When the plywood cockpit sides are added care must be taken to make sure that all the underlying sections are chamfered so this sits flat against the adjoining structure. I feathered the rear edge of the ply so that it blended into the stringers better. This is well worth the extra effort.


I had been looking in the classifieds for some time and eventually I emailed Laser direct in an attempt to purchase an 80 but one wasn’t available. So, I purchased a new Saito 82 from a modeller who was in the unfortunate position that his club site had been lost and he could no longer fly. I do hope the situation improves for you, John and thanks for the engine.


I was trying to find a Laser 80 but failed, so I bought a Saito 82 for the grunt work.

Shortly after the deal was done on the Saito, Alex Pettigrew emailed me and offered me a Laser 80 for a terrific price. Thanks, Alex. But the fuel tank height and rails are set for the Saito so I will save the Laser for another model.


The Laser sold to me at a terrific price. Thanks, Alex!

The parts that make up the section under the instrument coaming meant the section was not flat and it had a nasty compound curve. I sanded that compound away so that the ply had a chance to conform to the underlying structure. I used many more bands than the picture shows.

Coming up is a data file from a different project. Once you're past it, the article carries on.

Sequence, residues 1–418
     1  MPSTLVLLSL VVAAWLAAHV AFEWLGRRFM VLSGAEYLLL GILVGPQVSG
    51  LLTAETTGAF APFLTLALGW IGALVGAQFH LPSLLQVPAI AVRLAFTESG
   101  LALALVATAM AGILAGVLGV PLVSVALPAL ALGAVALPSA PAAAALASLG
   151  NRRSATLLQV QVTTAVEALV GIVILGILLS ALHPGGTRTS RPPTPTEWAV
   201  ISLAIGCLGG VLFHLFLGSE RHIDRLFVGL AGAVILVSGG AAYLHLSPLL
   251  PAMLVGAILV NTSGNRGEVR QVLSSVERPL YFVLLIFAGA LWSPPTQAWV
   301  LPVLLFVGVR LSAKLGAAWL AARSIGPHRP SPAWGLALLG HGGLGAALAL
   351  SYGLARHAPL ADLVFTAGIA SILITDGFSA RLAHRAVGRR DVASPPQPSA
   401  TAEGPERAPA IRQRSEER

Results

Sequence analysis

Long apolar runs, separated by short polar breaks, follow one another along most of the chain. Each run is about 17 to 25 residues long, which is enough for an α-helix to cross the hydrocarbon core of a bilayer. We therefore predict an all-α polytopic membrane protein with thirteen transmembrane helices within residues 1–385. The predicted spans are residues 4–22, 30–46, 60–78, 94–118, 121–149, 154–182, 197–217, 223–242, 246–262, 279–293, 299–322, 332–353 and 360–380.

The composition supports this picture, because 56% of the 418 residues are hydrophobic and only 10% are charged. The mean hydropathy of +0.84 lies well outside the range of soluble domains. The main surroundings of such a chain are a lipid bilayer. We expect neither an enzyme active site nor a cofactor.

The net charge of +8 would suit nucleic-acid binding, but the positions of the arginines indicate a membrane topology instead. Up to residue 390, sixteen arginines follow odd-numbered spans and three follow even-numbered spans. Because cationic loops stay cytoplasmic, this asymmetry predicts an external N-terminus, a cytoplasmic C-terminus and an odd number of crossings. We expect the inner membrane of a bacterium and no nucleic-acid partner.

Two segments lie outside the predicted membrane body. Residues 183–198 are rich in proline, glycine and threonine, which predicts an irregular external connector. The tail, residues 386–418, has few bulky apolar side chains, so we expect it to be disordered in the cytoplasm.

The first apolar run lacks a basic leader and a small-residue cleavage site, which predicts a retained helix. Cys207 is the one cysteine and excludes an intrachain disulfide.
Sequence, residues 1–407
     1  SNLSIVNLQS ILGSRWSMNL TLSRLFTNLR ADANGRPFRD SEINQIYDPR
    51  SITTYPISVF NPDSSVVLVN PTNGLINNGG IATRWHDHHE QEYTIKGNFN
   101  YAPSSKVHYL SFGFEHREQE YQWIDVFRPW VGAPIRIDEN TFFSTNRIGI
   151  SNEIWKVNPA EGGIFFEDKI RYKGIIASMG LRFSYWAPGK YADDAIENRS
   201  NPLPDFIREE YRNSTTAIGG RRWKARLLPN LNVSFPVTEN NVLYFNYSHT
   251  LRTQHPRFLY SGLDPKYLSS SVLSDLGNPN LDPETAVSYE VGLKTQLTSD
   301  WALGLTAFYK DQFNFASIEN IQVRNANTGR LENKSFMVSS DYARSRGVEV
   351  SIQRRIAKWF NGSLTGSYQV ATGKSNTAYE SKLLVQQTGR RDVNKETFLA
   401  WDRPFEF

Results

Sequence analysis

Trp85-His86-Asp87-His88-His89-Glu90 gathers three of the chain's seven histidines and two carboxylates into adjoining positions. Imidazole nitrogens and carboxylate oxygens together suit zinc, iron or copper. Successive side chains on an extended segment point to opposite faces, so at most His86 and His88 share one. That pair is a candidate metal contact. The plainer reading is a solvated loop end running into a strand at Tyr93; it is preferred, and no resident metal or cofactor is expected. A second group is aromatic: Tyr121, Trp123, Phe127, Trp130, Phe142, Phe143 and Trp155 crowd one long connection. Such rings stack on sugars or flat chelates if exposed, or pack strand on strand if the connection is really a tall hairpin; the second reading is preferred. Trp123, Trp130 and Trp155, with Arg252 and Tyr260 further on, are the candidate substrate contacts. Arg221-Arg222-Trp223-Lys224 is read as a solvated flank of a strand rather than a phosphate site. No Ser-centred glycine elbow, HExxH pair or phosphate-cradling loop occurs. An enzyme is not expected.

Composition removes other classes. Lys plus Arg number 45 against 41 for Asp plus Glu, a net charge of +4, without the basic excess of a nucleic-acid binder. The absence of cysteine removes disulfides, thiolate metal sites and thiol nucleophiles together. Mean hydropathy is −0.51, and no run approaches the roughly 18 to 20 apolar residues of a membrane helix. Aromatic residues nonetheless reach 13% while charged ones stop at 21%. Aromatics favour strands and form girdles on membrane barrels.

Top ply instrument shroud was difficult to fit.


I strung a thread from the nose to the tail to help with stringer placement.

A thread indicating the centreline of the fuselage was used to ensure that the wing fairings were equidistant, and this meant some sanding of the underlying structure. But all was good in the end; it was important that the front and rear distances were equal, or wing sweep would be introduced.


Undercarriage was made to plan but watch this space as it may get altered.


The tailplane was fitted with carbon tube and then cut into three sections. All will become clear when covering.

I had hoped to show the covering as well in this session, but you will have to catch up with my experiments with Ceconite the next time we share a digestive.


Sneak peek of the covered fuselage.